And of course we all lose when this approach is taken. Even those who have remained uninvolved.

This is such an ingrained approach to conflict, that few question whether there could even be any other way.

Once a conflict has started to escalate, it seems that our available choices in how to respond have been reduced and so we resort to reactive, competitive or avoidance behaviours.

Does this have to be the way?

The answer is simply NO. When what we are doing is not working, why would we continue to do it?

There are always alternative responses that can be created and the Principles of Effective Communication and Conflict Resolution can support us in creating these.

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Ideas and Information

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Trainers and Facilitators


An exercise I have sometimes used on training courses for mediators is called ‘Does he take sugar?’. One of the benefits of the exercise is that it promotes self awareness with regard to how we see others, and how this can affect our impartiality.

Click here to find out more about this training exercise.

Recommended books this month:

Conflict Coaching: Conflict Management Strategies and Skills for the Individual - this is a fairly detailed and somewhat 'academic' book, but it will be of interest to practitioners in the mediation and conflict resolution field. Conflict coaching has partly arisen as an outcome of the fact that in many disputes, only one party will want to try mediation to resolve the dispute. In such cases, conflict coaching for the person wanting mediation can provide support and strategies for resolving the situation for themselves at least, if not directly with the other person.

For more books that relate to communication and conflict go to the Books page on the website.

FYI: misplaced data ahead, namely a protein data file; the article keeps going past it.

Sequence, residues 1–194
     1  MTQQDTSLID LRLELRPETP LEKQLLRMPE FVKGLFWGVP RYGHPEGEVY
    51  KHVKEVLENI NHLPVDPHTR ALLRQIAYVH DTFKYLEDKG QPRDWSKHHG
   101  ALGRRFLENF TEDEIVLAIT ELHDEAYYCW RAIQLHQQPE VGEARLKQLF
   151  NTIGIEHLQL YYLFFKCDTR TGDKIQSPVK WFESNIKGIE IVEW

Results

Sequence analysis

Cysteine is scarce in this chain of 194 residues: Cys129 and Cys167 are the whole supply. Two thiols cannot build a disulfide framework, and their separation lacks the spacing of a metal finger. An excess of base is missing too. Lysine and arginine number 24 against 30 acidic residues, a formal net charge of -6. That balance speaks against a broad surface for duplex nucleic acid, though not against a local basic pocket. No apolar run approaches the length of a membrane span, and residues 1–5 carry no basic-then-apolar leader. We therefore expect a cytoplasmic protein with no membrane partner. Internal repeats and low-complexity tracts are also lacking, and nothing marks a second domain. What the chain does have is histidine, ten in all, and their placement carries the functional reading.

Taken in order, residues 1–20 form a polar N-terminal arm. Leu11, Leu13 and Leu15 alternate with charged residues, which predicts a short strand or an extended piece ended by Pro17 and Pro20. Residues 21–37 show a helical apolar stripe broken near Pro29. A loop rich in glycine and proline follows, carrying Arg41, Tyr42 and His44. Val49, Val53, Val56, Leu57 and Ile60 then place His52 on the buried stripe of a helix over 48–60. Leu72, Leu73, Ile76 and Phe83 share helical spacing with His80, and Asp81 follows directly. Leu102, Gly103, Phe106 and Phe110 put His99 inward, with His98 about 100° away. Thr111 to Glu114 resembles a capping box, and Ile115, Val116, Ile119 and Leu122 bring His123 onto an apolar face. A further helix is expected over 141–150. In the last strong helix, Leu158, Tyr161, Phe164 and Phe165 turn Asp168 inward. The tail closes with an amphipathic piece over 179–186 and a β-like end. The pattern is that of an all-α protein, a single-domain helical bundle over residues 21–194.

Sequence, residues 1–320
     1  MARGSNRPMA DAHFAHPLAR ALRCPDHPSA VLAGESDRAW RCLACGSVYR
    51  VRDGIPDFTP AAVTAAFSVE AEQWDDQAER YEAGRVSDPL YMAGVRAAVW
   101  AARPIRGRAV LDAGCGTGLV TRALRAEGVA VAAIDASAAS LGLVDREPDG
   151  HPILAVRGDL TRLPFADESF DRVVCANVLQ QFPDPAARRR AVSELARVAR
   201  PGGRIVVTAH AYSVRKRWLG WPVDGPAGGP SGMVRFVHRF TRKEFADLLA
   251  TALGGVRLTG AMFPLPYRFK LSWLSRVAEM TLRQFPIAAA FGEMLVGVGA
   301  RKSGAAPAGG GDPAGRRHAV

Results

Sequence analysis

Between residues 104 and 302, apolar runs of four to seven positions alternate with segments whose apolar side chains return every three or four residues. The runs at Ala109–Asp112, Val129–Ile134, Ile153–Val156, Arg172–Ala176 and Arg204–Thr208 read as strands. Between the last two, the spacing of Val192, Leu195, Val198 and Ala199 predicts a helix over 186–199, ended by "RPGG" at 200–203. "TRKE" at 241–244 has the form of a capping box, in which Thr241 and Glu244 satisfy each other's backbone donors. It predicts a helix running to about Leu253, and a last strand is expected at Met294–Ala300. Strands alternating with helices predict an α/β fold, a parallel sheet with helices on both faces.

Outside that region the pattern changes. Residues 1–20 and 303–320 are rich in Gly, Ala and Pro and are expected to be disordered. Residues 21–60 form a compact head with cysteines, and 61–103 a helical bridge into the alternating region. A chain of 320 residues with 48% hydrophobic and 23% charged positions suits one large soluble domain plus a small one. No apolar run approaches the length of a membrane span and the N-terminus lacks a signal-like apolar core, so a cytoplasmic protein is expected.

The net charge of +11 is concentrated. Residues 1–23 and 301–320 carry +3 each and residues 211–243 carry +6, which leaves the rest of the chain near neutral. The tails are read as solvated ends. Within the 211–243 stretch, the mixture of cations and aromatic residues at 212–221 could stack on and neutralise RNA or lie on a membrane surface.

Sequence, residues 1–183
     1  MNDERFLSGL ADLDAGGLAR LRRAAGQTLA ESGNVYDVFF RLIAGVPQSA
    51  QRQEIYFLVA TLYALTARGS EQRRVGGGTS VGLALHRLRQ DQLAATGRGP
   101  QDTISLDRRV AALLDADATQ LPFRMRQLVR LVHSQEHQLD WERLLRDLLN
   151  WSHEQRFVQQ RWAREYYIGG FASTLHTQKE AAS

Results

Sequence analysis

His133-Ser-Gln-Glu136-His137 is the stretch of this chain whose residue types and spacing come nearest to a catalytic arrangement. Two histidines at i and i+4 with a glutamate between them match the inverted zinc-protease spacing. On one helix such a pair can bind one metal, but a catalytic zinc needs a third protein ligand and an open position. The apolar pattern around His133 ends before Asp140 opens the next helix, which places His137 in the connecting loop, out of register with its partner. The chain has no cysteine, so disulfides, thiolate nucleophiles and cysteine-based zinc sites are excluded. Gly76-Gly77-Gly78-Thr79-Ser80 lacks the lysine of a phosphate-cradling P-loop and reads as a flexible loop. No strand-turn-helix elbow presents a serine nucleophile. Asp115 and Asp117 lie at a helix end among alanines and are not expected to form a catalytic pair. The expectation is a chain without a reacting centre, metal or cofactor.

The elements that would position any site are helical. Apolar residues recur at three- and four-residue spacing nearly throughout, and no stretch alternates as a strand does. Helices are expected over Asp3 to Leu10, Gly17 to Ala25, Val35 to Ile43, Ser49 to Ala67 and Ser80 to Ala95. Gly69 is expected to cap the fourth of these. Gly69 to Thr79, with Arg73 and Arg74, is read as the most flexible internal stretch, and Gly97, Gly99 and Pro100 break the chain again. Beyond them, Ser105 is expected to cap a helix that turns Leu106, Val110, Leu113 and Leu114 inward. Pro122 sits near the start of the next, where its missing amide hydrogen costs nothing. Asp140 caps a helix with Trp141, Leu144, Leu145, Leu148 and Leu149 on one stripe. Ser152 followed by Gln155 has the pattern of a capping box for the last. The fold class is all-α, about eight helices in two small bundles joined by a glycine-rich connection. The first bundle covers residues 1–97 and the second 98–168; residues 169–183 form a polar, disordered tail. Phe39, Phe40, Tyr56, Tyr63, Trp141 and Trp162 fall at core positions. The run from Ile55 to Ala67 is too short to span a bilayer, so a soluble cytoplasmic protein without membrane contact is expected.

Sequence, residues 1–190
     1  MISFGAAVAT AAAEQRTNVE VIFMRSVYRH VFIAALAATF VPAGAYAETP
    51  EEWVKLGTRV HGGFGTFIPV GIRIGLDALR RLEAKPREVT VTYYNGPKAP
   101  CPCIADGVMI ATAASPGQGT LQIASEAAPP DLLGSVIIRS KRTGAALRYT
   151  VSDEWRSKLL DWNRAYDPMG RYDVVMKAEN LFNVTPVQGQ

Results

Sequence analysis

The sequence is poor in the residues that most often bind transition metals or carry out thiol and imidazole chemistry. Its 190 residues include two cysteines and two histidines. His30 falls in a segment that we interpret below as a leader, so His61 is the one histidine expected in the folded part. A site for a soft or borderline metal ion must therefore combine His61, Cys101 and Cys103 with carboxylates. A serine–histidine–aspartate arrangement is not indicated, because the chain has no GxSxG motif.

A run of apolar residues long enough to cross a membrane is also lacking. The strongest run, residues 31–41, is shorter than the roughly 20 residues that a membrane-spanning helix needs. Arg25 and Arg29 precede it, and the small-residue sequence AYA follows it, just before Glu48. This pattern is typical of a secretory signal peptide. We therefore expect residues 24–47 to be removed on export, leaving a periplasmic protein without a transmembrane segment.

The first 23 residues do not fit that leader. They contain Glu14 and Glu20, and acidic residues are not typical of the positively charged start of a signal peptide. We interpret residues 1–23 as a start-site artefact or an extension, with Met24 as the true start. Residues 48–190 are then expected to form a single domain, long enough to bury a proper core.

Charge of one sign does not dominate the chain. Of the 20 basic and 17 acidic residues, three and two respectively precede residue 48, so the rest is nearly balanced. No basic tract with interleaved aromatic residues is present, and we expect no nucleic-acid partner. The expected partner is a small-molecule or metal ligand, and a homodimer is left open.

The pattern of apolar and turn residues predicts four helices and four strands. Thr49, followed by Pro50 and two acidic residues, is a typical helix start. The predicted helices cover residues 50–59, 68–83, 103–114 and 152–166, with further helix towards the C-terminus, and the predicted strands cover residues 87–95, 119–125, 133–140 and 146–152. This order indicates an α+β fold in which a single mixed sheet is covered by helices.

Principle Focus

Would you like a Weekly message relating to one of the Principles of Effective Communication?
Sorry this offer is no longer available - please look out for the ebook Guide to The Principles that is based on these 9 Weekly thoughts. This month I want to draw your attention to the 9 Free Weekly Thoughts on the Principles of Effective Communication and Conflict Resolution that can be delivered to your inbox by clicking the link and signing up.

  • Become more aware of your day to day use of language and how it affects your relationships with others
  • Learn to approach communication as a continuous opportunity for personal growth
  • Lose your 'fear of conflict' through developing an understanding of the Principles of Effective Communication.
  • Learn to empower yourself in any conflict situation through losing your dependence on others to 'change'
These are just some of the insights and challenges that you will find in the 9 Weekly Thoughts.

Quotation Corner:

Remember that when you point a finger at someone there are always 3 fingers pointing back at you.


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Challenge the behaviour and not the person.

Some links that you may find interesting...... is an excellent resource of information relating to mediation. There are articles, links to websites and blogs as well as the possibility of locating mediators in your area. - is a comprehensive guide to information about Self Improvement, Personal Growth and Self Help on the Internet. It is designed to be an organized directory, with articles and references to thousands of other Web Sites on the World Wide Web. helps people, like yourself, create change in their life and business. They share fun stress management strategies and personal development articles.

Learning Supersite is a fascinating site dedicated to the development of informal learning. "A new approach to learning, the Learning Supersite is a venue that provides personal learning community, but with state-of-the-art Web technologies."

Transforming Conflict is an excellent organisation which works with young people, and adults, in educational settings, promoting restorative approaches to conflict.

Would you like to build your own website?..... SBI! Quick Tour